Just five years ago, there were only two ways to hire a ride — with your arm outstretched on the street, the old-fashioned way, or by dialing up a black car.

In May 2011, when the first New Yorker clicked that first button on a new smartphone app called Uber that had launched in San Francisco, everything changed.

Now, the rideshare company has grown into a major transportation option for one million local users seeking a ubiquitous, tech-friendly alternative to subways, buses and yellow cabs.

Put simply, the company has permanently altered the transportation game. It intrdouced an e-hail space that has expanded to include big players such as Lyft (not to mention the yellow cab industry’s own efforts), and experts said that even while attracting considerable controversy, Uber has fit particularly well in a New York City that’s always on the go.

“Uber fits into that [New York] 24 hour economy,” said Sarah Kaufman, the assistant director of the NYU Rudin Center for Transportation. “Taxis have had to step up their sophistication for consumers.”

Its influence can be tangibly seen in city Taxi and Limousine Commission data.

As of April 18, there were 27,928 Uber cars out of 43,684 total vehicles in the city’s black car fleet, according to the data. In 2014, there were 12,587 Uber cars out of 21,763 total black cars citywide.

By comparison, there were 13,587 yellow cabs and 7,676 green cabs in 2015, according to the TLC.

From the beginning, Uber latched onto the most underserved New York City population when it came to cab service: outer borough residents.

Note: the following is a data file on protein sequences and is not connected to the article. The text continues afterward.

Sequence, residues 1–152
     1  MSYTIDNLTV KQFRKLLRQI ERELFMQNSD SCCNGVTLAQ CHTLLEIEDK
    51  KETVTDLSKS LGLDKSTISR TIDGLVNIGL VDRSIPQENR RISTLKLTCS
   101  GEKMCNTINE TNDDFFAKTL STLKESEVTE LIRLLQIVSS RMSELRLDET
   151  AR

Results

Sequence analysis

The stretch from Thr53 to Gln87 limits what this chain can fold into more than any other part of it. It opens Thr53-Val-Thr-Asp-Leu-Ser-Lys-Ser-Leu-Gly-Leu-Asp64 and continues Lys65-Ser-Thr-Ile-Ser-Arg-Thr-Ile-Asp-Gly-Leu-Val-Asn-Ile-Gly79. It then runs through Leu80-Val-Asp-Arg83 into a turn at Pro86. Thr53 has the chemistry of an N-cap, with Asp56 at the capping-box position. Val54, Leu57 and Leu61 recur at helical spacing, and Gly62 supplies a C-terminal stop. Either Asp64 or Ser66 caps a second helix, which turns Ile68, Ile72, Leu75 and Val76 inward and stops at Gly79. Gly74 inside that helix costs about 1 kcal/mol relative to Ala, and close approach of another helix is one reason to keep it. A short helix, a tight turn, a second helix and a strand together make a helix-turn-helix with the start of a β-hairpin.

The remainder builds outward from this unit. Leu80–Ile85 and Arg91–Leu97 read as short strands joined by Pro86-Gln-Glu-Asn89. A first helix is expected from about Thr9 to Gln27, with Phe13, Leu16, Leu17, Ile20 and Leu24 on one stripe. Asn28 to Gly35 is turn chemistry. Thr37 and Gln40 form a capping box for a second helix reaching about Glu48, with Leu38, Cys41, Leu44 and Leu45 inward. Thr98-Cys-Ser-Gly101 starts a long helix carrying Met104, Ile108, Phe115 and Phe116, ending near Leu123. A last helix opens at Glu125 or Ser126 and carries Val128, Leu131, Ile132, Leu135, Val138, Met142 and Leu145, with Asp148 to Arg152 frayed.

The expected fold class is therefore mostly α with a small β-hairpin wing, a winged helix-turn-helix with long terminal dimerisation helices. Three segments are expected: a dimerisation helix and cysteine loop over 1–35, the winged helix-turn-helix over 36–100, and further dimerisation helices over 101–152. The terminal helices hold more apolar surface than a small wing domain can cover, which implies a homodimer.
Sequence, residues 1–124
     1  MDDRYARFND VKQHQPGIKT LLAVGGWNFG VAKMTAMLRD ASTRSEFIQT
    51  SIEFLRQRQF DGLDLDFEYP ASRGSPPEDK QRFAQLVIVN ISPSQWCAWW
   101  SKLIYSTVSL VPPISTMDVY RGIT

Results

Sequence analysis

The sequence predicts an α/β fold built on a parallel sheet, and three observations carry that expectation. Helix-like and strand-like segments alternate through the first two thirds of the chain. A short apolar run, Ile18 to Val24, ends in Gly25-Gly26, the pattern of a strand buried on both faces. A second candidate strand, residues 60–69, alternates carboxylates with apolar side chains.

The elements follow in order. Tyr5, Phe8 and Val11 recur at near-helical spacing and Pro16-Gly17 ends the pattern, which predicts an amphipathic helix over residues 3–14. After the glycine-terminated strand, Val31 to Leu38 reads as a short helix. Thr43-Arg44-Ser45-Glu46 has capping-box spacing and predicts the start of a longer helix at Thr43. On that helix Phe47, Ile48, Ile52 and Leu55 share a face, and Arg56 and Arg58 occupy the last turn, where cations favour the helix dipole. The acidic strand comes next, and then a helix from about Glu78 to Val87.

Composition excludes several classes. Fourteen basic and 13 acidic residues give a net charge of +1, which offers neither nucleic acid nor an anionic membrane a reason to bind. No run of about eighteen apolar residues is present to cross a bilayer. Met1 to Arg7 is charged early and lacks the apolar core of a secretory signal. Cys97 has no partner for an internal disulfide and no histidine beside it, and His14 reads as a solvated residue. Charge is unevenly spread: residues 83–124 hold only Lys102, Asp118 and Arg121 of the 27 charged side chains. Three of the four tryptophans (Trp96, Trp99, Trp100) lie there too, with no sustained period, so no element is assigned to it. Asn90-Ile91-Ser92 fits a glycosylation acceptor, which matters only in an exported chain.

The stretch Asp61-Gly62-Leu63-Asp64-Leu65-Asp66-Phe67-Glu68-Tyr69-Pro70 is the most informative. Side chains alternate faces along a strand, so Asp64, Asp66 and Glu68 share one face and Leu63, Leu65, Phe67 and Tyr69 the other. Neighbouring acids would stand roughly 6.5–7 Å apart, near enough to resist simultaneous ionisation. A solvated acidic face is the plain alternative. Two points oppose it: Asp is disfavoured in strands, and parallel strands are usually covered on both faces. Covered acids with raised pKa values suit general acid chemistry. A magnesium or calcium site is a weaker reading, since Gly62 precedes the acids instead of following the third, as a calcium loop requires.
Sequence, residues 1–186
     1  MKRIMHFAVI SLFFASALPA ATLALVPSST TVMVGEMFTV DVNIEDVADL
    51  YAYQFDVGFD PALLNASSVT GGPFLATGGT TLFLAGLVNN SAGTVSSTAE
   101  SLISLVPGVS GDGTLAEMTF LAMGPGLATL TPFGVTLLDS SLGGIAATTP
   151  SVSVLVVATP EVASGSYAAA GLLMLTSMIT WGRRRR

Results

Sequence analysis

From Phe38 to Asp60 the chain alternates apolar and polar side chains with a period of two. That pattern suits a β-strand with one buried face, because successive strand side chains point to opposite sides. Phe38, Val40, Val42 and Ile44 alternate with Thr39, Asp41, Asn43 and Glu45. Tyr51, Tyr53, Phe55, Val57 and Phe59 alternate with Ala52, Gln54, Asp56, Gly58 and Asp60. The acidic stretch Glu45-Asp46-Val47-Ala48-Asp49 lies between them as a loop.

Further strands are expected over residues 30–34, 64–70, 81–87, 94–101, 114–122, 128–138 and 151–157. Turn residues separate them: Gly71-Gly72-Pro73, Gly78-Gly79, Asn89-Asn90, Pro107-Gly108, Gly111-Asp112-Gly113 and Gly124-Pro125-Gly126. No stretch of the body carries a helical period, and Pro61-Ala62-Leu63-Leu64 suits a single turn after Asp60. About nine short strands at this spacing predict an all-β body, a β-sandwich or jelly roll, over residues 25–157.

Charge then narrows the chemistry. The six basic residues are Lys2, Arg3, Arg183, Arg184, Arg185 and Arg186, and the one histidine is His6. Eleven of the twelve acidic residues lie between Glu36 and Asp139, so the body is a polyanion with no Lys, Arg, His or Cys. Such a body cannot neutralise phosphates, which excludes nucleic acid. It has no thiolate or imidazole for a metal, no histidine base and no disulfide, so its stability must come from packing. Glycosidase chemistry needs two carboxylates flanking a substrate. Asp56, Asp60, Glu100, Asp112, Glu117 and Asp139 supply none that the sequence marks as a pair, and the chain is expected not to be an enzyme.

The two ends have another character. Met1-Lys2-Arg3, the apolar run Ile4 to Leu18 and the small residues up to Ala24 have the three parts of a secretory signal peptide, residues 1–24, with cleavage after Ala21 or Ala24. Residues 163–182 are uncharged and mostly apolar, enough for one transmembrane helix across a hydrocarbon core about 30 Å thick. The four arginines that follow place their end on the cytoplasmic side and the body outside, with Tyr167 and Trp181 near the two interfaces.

There are parts of the city where getting a reliable ride was impossible,” said Josh Mohrer, the general manager for Uber NY, who added that rides outside of Manhattan represent 35% of Uber trips.

The company can’t shake persistent criticism that it doesn’t pay its drivers enough, however, and just this week more than 1,000 of them joined the group Amalgamated Local of Livery Employees in Solidarity (Alles) to protect their interests.

Bhairavi Desai, the executive director of the Taxi Workers Alliance, the union that represents 50,000 cab drivers across the city, said many Uber drivers are putting in long days and receive no extra financial compensation after the business slashed prices.

“There are now fewer fares per driver. We are seeing many drivers ... working on multiple apps because you can’t work on Uber alone,” she said.

The much-maligned surge pricing strategies remain a consistent sticking point for some riders. Christiane Folkes, 42, of lower Manhattan, said the service would be better if it ditched the practice.

“The pricing can get ridiculous,” she said.

Mohrer said the company is attentive to everyone’s needs and is constantly working to improve service.

Kaufman predicted that Uber and other e-hail companies will continue to expand and possibly work with the city to address some major looming ridership issues.

The companies could play a significant role if, for example, the MTA shuts down L train service between Williamsburg and Manhattan. There’s also growing demand for services that Access a Ride can’t fulfill.

“These app based companies can fill in the gaps,” Kaufman said. “There is huge potential there.”